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I have always wondered how cells are modified to give them a specific shape. On what specific part of a cell does gene regulation act for giving the shape ?

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Are you interested in the specific mechanisms of cytoskeletal remodelling or simply asking what portions of the cell give a cell its shape? –  Chinmay Kanchi May 24 '13 at 14:26

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Cell shape is dictated by the cytoskeletal arrangement. There are both intrinsic and extrinsic factors that control cell shape.

Extrinsic factors consist of environmental factors such as extracellular matrix. Rho-GTPases relay the environmental signal to the cells to cause cytoskeletal rearrangement.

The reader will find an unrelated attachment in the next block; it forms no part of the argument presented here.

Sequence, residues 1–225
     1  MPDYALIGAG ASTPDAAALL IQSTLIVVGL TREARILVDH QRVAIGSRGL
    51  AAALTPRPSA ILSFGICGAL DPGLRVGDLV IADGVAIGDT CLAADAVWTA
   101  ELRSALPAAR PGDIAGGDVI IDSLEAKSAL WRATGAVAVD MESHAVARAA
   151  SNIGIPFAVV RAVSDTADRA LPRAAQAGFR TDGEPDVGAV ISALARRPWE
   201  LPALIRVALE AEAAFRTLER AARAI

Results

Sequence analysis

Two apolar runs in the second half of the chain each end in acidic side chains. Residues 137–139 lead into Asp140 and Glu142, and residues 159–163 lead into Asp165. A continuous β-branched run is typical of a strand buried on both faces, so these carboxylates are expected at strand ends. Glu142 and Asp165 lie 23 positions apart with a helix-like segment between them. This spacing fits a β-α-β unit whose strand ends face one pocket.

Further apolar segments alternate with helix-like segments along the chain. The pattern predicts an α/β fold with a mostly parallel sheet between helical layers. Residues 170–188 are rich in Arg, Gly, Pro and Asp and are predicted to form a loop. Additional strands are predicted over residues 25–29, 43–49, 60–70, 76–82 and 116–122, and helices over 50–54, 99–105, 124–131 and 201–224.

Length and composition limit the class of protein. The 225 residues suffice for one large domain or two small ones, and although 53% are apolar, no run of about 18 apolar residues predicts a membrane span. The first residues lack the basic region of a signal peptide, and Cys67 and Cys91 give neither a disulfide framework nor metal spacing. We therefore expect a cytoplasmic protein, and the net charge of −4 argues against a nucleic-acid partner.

Intrinsic factors are basically the stable transcriptomic identity (a gene regulatory programme) which determine a cell shape. I personally don't have an idea about what genes give an intrinsic cell shape. For e.g. why does hela cell look different from HEK cell in the same type of cell culture plate under same conditions (even at low densities where there is no neighbor effect).

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What is the meaning of Rho-GTPase , hela and HEK cell ? –  biogirl May 28 '13 at 1:42
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Rho-GTPase is a protein which relays extracellular cues to the cell and causes cytoskeletal rearrangement. HeLa and HEK are commonly used animal cell lines (check wikipedia enries on these) –  WYSIWYG May 28 '13 at 10:43
    
ok ...thanks for help. –  biogirl May 29 '13 at 17:49

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